Miss Beale perceived that the absence of all means of training teachers was a main obstacle to improvement. A modest endeavour to meet the need was made by a friend at Cheltenham in 1876. Next year, on her friend's death, Miss Beale undertook to carry on the work. The progress was rapid; a residential training college for secondary women teachers, the first in this country, called St. Hilda's College, was built in Cheltenham, and opened in 1885. It was enlarged in 1890, and incorporated under the Companies Act in 1895. In order to give teachers in training the benefit of a year at Oxford, Miss Beale purchased in 1892 for £5000, Cowley House, Oxford, which was opened as St. Hilda's hall of residence for women in 1893, and was in 1901 incorporated with the Cheltenham training college as 'St. Hilda's Incorporated College.' The students at St. Hilda's Hall, Oxford, are mainly but not exclusively old Cheltonians. A kindergarten class was also started by Miss Beale at Cheltenham in 1876, and a department for the training of kindergarten teachers soon followed, and became an integral part of the college work.
In 1880, mainly with a view to supplying a link between past and present pupils, Miss Beale founded 'The Cheltenham Ladies' College Magazine,' and remained its editor until her death. With the same aim, she established in 1884 'The Guild of the Ladies' Cheltenham College,' which by 1912 numbered 2500 members. On 26 October 1889, the guild started in Bethnal Green the Cheltenham settlement, which is now carried on as St. Hilda's East, a house built by past and present pupils and opened on 26 April 1898. An earnest church-woman of high church principles, Miss Beale, who was guided through life by deep religious feeling, instituted at Cheltenham in 1884 Quiet Days—devotional meetings for teachers—generally at the end of the summer term, when addresses were given by distinguished churchmen.
Outside her college work Miss Beale associated herself with nearly every effort for educational progress, and with local philanthropic institutions. She was president of the Headmistresses' Association from 1895 to 1897, and was a member of numerous educational societies. In 1894 she gave evidence before the royal commission on secondary education, of which Mr. James Bryce was chairman. In collaboration with Miss Soulsby and Miss Dove she embodied her matured views on girls' education in 'Work and Play in Girls' Schools' (1898). She identified herself with the movement for women's suffrage, being a vice-president of the central society.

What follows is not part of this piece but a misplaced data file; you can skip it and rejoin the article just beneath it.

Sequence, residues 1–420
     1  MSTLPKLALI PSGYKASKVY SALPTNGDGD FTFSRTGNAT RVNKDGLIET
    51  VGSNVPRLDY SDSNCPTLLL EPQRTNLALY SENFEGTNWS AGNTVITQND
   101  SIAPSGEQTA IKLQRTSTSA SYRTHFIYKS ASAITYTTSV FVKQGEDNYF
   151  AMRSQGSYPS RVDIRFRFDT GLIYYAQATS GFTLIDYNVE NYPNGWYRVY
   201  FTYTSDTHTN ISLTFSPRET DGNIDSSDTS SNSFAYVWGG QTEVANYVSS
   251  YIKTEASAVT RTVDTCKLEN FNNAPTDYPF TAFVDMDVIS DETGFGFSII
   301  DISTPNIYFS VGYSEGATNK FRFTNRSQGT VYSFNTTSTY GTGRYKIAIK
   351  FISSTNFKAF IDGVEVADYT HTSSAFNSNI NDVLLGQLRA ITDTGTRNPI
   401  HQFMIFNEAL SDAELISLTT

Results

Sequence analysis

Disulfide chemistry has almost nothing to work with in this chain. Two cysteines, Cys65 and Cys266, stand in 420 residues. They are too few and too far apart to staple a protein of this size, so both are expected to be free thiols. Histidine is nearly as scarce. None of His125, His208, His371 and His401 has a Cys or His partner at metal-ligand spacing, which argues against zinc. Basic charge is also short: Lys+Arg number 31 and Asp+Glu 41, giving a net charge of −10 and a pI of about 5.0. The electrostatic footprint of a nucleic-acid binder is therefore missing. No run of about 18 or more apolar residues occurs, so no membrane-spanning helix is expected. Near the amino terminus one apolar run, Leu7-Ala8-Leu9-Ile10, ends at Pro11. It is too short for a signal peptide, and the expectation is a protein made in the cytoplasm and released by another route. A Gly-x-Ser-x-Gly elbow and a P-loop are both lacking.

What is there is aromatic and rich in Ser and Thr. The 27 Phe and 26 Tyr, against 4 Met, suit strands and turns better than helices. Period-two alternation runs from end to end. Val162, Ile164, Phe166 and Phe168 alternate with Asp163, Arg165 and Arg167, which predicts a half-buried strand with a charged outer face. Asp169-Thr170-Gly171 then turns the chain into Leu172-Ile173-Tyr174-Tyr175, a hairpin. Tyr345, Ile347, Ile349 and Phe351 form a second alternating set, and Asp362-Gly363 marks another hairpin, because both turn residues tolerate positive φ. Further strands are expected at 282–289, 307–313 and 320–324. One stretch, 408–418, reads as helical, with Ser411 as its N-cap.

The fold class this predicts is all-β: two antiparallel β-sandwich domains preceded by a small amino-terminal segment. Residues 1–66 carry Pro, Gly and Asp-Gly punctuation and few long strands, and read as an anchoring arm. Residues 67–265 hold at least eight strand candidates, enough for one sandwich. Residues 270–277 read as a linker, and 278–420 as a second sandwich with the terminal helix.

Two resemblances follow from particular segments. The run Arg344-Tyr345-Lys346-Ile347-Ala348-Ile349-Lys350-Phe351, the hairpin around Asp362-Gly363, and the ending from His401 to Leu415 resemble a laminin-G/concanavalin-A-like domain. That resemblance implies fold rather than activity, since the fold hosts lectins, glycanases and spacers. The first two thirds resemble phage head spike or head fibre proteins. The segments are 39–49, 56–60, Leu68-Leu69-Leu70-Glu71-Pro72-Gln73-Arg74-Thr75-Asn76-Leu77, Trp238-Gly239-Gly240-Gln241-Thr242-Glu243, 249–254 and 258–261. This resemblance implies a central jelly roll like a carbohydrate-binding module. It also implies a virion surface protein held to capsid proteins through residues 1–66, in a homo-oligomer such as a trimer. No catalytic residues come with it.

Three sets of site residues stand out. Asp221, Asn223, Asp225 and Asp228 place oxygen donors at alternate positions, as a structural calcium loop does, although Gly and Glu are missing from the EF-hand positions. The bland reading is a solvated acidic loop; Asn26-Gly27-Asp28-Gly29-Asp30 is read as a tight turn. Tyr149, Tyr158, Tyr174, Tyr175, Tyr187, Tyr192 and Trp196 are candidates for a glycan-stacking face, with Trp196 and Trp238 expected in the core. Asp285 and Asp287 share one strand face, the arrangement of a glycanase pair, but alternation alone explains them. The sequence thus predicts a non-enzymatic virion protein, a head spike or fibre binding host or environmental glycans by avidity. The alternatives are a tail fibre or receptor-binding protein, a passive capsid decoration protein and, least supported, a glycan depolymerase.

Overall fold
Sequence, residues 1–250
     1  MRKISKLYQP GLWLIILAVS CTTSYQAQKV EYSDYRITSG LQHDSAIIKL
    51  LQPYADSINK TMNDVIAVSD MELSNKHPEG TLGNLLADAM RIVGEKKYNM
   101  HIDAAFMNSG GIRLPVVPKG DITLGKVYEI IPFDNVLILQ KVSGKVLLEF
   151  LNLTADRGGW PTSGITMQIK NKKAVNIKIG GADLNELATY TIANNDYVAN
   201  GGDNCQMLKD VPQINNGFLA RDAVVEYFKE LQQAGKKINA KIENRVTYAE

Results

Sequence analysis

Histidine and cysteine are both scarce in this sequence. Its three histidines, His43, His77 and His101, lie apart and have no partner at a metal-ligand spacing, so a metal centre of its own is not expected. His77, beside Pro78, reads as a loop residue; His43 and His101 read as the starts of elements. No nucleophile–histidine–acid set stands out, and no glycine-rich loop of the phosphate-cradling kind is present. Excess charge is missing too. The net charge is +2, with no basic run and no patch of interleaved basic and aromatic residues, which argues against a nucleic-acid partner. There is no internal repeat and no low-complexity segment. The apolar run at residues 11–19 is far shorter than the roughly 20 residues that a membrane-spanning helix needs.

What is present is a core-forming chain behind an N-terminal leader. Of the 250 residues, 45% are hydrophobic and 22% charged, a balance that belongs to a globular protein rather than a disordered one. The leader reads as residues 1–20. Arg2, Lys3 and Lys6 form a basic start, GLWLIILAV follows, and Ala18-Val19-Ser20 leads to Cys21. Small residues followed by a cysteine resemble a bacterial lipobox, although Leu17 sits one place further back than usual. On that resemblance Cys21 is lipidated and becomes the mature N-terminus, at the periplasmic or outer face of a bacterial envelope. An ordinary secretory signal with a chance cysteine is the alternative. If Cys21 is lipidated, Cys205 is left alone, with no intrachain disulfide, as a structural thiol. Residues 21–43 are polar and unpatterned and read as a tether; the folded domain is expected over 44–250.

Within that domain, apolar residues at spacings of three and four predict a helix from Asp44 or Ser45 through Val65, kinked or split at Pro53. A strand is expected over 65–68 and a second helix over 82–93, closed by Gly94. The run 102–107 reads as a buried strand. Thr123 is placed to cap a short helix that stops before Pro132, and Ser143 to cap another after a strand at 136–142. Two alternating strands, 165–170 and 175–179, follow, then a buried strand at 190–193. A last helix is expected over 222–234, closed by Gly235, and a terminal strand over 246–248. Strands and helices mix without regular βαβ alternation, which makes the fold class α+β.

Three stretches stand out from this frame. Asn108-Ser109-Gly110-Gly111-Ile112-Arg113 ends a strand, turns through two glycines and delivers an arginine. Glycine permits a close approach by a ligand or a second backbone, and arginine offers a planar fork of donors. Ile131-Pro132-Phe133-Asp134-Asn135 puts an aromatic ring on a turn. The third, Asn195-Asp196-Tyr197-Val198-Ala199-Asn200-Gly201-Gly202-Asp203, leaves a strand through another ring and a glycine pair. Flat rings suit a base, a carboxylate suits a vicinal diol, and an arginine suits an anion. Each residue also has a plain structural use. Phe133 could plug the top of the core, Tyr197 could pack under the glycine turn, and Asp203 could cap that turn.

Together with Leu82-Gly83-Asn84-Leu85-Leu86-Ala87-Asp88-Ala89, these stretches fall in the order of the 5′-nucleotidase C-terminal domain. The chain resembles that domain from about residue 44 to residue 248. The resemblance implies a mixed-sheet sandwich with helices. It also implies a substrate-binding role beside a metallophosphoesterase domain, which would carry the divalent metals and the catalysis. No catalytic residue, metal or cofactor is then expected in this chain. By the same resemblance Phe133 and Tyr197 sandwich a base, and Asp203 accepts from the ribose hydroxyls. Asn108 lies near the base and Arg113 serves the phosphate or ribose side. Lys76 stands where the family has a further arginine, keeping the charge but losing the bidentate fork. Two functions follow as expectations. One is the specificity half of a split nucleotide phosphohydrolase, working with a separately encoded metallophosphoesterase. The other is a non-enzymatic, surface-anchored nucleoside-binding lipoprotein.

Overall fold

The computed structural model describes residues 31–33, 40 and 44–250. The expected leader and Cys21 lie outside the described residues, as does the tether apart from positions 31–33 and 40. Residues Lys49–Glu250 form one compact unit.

Miss Beale's activities remained unimpaired in her later years, despite deafness and signs of cancer, which became apparent in 1900. On 21 October 1901, the honorary freedom of the Borough of Cheltenham was awarded to her, for her work with the ladies′ college. On 11 April 1902 the university of Edinburgh awarded her the honorary degree of LL.D., in recognition of her services to education. Eleanor Anne Ormerod, the entomologist, was the only woman on whom the degree had been previously conferred. The staff at Cheltenham presented her with the academic robes.
Miss Beale died after an operation for cancer in a nursing home in Cheltenham, 9 November 1906. The body was cremated at Perry Barr, Birmingham, and the ashes buried in a small vault on the south side of the Lady chapel of Gloucester Cathedral. 
- This article incorporates text from a publication now in the public domain: Lee, Elizabeth (1912). "Beale, Dorothea". In Lee, Sidney. Dictionary of National Biography, 1912 supplement. London: Smith, Elder & Co.
- Chisholm, Hugh, ed. (1911). "Beale, Dorothea". Encyclopædia Britannica (11th ed.). Cambridge University Press.
- Beaumont, Jacqueline. "Beale, Dorothea (1831–1906)". Oxford Dictionary of National Biography (online ed.). Oxford University Press. doi:10.1093/ref:odnb/30655. (Subscription or UK public library membership required.)